LOGNORMAL STOCK PRICES
The model used to develop the Black-Scholes-Merton (BSM) model assumes stock prices are lognormally distributed:
ST =stock price at time T
S0 = stock price at time 0
µ = expected return on stock per year
σ = volatility of the stock price per year
N [m,s]=normal distribution with mean=m and standard deviation = s.
Using the properties of a lognormal distribution, we can show that the expected value of ST, E(ST), is:
Where: µ = expected rate of return
The volatility estimation process is a matter of collecting daily price data and then computing the standard deviation of the series of corresponding continuously compounded returns. Continuously compounded returns can be calculated as:
ln(Si / Si-1). The annualized volatility is simply the estimated volatility multiplied by the square root of the number of trading days in a year.
Historical data can serve as a basis for what volatility might be going forward, but it is not always representative of the current market. Consequently, practitioners will use the BSM option pricing model along with market prices for options and solve for volatility. The result is what is known as implied volatility.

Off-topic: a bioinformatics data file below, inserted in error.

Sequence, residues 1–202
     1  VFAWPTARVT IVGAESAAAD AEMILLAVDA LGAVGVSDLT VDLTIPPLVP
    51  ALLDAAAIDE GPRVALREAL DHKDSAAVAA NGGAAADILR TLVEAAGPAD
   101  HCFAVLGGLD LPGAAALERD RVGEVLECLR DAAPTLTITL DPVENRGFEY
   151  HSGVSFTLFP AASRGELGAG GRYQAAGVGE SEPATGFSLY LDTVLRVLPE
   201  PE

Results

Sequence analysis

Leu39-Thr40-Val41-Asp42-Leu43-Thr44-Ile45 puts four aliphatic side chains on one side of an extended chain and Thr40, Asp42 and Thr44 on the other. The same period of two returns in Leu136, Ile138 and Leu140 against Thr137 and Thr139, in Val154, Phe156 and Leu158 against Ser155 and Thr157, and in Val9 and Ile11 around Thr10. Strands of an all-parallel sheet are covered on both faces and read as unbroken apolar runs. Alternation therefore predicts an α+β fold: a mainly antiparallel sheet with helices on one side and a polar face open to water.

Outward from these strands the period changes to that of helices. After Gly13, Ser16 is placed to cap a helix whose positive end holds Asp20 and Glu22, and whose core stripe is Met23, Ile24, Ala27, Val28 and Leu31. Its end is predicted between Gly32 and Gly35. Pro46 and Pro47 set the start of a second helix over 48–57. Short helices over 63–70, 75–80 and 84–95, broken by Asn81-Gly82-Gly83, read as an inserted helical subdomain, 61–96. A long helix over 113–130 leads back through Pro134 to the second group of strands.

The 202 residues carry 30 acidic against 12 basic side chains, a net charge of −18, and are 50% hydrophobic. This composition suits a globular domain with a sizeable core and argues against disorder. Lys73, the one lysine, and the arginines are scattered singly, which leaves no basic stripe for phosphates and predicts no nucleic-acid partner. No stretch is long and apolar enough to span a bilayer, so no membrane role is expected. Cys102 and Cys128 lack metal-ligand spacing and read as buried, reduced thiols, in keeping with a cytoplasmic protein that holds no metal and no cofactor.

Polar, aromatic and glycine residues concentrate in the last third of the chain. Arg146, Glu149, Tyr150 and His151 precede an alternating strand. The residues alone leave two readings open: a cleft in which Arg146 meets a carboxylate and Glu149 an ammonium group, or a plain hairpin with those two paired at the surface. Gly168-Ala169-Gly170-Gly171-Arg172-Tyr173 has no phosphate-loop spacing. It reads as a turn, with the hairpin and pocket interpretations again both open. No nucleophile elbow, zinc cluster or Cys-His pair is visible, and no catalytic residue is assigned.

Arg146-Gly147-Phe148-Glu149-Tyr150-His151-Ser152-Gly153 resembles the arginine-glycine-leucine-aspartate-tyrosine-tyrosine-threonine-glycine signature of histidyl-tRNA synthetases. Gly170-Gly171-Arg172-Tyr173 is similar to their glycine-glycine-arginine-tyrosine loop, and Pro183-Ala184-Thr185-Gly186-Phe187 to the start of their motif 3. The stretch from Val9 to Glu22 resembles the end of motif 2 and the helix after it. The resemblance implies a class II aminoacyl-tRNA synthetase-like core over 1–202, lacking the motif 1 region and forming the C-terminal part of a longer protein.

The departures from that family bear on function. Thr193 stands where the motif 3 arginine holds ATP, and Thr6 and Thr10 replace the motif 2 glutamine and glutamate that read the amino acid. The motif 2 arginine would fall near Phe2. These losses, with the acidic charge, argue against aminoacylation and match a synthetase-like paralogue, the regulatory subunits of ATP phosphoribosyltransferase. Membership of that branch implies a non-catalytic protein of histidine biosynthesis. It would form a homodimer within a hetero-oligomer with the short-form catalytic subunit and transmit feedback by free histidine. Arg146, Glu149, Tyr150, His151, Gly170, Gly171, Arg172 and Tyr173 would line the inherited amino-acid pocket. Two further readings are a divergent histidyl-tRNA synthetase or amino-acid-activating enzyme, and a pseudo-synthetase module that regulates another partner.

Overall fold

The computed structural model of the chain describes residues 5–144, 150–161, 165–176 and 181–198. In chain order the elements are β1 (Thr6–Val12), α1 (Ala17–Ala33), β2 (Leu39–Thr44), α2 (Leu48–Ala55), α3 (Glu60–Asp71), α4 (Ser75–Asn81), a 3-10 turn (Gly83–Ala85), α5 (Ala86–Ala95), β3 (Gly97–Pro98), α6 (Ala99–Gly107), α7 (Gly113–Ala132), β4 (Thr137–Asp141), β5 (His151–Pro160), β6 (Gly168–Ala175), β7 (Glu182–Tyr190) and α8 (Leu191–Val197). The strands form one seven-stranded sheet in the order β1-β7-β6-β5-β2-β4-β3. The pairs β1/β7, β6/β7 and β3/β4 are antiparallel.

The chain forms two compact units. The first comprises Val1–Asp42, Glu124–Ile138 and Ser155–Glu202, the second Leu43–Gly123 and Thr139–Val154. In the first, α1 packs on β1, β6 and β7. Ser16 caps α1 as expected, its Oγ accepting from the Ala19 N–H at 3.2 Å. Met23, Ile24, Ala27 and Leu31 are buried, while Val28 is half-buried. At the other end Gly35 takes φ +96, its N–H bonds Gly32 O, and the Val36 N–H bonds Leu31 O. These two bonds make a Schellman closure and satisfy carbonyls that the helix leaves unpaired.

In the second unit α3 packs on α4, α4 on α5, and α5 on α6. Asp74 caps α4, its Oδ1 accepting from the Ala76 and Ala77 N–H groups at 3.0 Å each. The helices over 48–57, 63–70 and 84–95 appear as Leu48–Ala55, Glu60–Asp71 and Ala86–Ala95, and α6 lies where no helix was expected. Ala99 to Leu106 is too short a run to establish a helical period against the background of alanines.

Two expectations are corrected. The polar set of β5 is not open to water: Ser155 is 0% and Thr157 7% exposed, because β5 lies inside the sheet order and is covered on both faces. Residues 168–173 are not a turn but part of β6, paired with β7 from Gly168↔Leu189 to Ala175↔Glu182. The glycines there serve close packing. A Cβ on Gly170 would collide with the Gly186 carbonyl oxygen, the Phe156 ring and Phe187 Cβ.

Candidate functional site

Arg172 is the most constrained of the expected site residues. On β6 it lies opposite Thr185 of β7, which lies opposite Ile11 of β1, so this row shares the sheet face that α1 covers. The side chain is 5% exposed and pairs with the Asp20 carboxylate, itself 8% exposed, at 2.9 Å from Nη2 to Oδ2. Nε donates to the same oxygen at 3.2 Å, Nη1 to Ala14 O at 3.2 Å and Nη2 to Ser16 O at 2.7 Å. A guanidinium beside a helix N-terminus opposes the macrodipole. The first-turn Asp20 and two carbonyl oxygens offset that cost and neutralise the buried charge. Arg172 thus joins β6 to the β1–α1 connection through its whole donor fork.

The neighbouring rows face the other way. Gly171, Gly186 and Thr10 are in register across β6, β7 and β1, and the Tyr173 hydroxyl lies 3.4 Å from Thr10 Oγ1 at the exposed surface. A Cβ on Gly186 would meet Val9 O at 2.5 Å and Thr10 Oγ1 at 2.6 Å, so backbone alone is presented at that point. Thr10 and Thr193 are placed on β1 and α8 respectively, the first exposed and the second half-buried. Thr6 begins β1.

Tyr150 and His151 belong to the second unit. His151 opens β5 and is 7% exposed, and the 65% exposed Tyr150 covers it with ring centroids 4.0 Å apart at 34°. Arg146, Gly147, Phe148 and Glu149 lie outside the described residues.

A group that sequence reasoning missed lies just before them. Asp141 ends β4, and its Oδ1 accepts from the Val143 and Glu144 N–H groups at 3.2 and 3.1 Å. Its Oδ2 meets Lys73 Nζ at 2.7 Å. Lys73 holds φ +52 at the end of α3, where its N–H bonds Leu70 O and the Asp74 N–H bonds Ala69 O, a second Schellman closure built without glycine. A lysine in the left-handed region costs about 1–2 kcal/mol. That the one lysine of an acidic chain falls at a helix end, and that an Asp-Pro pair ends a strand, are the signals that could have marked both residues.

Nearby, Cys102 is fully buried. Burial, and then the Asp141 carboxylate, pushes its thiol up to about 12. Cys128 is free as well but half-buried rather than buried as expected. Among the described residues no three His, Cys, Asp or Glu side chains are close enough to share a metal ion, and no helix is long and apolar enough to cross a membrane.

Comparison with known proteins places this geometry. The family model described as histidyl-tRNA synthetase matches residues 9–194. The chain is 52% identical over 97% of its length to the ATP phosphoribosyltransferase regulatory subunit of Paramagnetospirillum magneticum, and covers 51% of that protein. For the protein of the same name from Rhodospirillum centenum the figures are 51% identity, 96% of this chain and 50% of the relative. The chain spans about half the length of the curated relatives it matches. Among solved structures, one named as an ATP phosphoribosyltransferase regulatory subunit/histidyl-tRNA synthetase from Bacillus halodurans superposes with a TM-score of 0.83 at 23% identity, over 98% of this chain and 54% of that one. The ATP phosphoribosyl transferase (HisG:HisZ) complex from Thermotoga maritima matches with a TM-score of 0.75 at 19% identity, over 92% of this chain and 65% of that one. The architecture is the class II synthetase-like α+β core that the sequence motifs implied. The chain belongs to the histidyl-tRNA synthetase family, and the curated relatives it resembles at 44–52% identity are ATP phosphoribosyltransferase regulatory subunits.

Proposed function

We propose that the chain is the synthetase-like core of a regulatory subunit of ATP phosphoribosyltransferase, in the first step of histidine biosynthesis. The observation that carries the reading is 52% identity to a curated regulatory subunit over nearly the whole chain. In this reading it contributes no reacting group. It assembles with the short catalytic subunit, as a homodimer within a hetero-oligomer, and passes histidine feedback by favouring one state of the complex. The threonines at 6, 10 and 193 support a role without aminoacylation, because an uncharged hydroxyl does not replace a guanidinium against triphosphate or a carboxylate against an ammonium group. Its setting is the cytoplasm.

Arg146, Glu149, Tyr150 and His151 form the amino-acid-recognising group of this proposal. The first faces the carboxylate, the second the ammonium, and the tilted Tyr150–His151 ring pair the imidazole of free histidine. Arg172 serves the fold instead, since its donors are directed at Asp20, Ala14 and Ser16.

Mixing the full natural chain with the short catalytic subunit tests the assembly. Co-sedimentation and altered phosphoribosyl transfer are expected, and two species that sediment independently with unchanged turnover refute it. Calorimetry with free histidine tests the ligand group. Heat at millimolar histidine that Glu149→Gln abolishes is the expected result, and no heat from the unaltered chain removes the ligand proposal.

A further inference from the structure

Implied volatility is the value for standard deviation of continuously compounded rates of return that is “implied” by the market price of the option.
Warrants are attachments to a bond issue that give the holder the right to purchase shares of a security at a stated price. Assuming there is no benefit to the company from issuing warrants, the value of each warrant is computed as:
The assumptions underlying the BSM model are the following:
The formula for the BSM model are:
Cash flows on the underlying asset decrease call prices and increase put prices.
Subtract the present value of expected cashflows from the asset price in the BSM model. Since the BSM model is in continuous time, in practice S0 x e -qT is substituted for S0 in the BSM formula, where q is equal to the continuously compounded rate of dividend payment.
Dividends complicate the early exercise decision for American-style options because a dividend payment effectively decreases the price of the stock.
If the call option is unexercised and the dividend is paid, its unexercised value is:
For American put options, early exercise becomes less likely with larger dividends. The value of the put option increases as the dividend is paid. Early exercise is, therefore, not optimal as long as
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